Chapter 50: Spatial placement

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Excerpt from Chapter 50: Spatial placement, page 226:

...After you address all your audio basics (as described in Chapter 49: Basic sound design), you can use special spatializing panners to position sound effects and other motivated sounds in the sphere. Spatial panners work essentially the same way as surround sound panners do (identifying where the sound originates in the sphere). However, whereas surround data is fixed, spatial data moves around depending on where the viewer turns her head.  

In a flat video, if there’s a sound that doesn’t have a specific origin point, it seems to come from everywhere at once which isn’t very off-putting. But in VR, sounds that should be motivated but don’t have a specific source point can be distracting, or even disorienting: “I see the dog to my left, but it sounds like it’s right in front of me.”

There are a number of plug-ins for Pro Tools, Reaper, and other DAWs that add spatial panners to just about any audio-mixing software. Two Big Ears (owned by Facebook) is very popular (perhaps because it’s free), but there are other options such as Ambi Pan, Audio Ease, and O3A plug-ins from Blue Ripple Sound (for working with higher-order ambisonics). These products range in price, along with a corresponding range of options and levels of precision.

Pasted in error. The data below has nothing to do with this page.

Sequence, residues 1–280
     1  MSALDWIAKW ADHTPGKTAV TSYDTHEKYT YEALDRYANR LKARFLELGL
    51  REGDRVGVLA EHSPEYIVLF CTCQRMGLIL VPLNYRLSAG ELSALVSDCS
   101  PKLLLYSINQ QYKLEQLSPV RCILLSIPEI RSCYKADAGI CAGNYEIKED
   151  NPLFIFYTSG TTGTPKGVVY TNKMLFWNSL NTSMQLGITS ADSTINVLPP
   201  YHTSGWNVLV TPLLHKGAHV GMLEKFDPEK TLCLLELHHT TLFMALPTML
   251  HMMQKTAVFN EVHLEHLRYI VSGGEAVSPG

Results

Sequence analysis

The best interfaces allow you to pin the sound to a coordinate in the latlong image, so you can easily affix the barking sound to the dog’s face... 

DAW (digital audio workstation): Software designed to process and edit audio tracks.

Higher-order ambisonics: Ambisonic audio with more than 4 channels. 


Latlong (latitudinal-longitudinal): Stretching a spherical image into a flat rectangle (similar to the way a world map represents the spherical Earth). Also called equirectangular.